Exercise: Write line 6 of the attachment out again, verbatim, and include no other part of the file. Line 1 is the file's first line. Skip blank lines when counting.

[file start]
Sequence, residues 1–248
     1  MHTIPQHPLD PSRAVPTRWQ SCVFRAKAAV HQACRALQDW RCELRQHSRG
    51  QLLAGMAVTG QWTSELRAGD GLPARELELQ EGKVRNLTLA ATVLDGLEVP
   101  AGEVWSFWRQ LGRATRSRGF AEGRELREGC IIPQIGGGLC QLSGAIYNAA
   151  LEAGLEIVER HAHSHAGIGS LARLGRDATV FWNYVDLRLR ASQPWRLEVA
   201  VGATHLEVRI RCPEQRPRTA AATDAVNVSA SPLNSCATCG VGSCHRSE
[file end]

   201  VGATHLEVRI RCPEQRPRTA AATDAVNVSA SPLNSCATCG VGSCHRSE